So in the latest D700 thread, you guys asked about what I do for HDR.
First, let me explain the difference between bit depths that some of you don't understand. 8 bit, 16 bit, and 32 bit have nothing to do with dynamic range, per say. What it means is in an 8bit environment you get 8 places to describe what a color is at that specific pixel, so RRGGBBKK. 16 bit allows 16 places to describe the color at that pixel, so RRRRGGGGBBBBKKKK. And 32 bit is 32 spots of information, RRRRRRRRGGGGGGGGBBBBBBBBKKKKKKKK. As you can tell, you get more precise with each spot, meaning you hold a lot more detail about what that pixel actually is. Which means you can then edit in a much more precise way. To be fully honest, I am not 100% sure that it is an even distribution of rgbk as I have listed on there, but you should get the idea.
Now then, on to my method. What I do is first convert a set of images that are +2,0,-2 together. I have found you really don't need more than this for 90% of scenes. Then I save the file as a .hdr (raidience (sp?)). I take that file into photomatix and do a total of three tone mappings to 16 bit space. One with saturation all the way up, strength all the way up, and luminosity set all up or almost all up. I believe there is another adjustment right under this, but I am writing this from memory. Then I make sure that the white point and black point do not, or clip as little as possible. Save the tone mapped file as a 16 bit tiff.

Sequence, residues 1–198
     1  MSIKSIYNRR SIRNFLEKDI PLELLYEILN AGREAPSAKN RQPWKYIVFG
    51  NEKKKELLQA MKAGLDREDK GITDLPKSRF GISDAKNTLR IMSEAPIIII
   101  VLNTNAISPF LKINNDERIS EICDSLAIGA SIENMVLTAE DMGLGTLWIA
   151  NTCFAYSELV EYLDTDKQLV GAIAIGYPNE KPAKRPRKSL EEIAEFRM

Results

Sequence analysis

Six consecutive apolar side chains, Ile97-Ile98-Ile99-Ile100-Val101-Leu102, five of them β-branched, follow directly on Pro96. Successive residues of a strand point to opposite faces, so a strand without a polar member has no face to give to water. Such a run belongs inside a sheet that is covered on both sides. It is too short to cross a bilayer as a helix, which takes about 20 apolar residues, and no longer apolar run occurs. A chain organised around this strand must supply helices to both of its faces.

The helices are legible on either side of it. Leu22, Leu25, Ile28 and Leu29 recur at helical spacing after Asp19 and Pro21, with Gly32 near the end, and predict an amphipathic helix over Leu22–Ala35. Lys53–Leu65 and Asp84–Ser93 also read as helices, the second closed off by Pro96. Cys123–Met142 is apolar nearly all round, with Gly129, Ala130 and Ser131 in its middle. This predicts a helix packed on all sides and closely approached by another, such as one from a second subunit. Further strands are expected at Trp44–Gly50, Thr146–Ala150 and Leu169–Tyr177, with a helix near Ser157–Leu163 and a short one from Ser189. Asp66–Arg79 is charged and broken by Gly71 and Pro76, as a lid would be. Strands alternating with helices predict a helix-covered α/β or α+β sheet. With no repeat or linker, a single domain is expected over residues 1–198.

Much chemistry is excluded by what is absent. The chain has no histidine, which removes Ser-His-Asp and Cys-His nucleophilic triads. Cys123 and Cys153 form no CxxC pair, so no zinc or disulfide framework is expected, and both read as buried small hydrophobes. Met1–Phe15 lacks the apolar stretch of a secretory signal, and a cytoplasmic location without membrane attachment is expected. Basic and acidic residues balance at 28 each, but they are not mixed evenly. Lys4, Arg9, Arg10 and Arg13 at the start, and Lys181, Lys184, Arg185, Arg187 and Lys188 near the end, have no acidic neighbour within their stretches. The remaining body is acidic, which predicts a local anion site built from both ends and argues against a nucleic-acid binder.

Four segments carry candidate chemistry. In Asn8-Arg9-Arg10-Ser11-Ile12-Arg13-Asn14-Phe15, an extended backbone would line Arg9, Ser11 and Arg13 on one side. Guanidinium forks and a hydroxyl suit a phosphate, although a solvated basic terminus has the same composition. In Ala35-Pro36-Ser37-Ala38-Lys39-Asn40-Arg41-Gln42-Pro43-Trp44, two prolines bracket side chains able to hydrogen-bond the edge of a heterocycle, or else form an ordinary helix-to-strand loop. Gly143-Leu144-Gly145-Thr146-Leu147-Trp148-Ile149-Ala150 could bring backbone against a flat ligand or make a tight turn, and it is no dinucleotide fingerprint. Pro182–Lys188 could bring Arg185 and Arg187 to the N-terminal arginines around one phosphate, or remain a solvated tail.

Second tone mapped image take the color saturation and turn it all the way down. Next take the luminosity an set it back to about normal levels. Whatever that missing adjustment that I can't remember also changes here. Basically back to normal levels. Punch up your black and white points so that they clip a bit. You should have a decent looking B&W image in the preview at this point. Save this as another 16 bit tiff.
Now the third tone mapped file. Go into tone compressor and play with the settings until you have a natural looking image that contains pretty much all the information. Save this as a 16 bit tiff.
Open up the third tone mapped image in Photoshop. This is your base image. Now open up the other two, copy all, and paste them as new layers into the first one. Create a layer folder and put the two you just pasted into there. Make sure the B&W one is above the color one. Change the blending mode on the B&W to hard light, soft light, or overlay. Now take the opacity of that folder and turn it down, normal blending mode. Play with it until the right level of overly processed and normal looking is achieved. I range anywhere from 18% to 70%, depending on what I want in the image.
As with any technique, this is the general base. From here you can play with it and alter it to suit your style.
I am not worried about anyone trying to steal the technique, because, it isn't the technique as much as the subject matter that really matters in the photo. Plenty of people know how to process a beautiful image in the darkroom, but the ones that have the most compelling subjects are the ones that make the best photographs.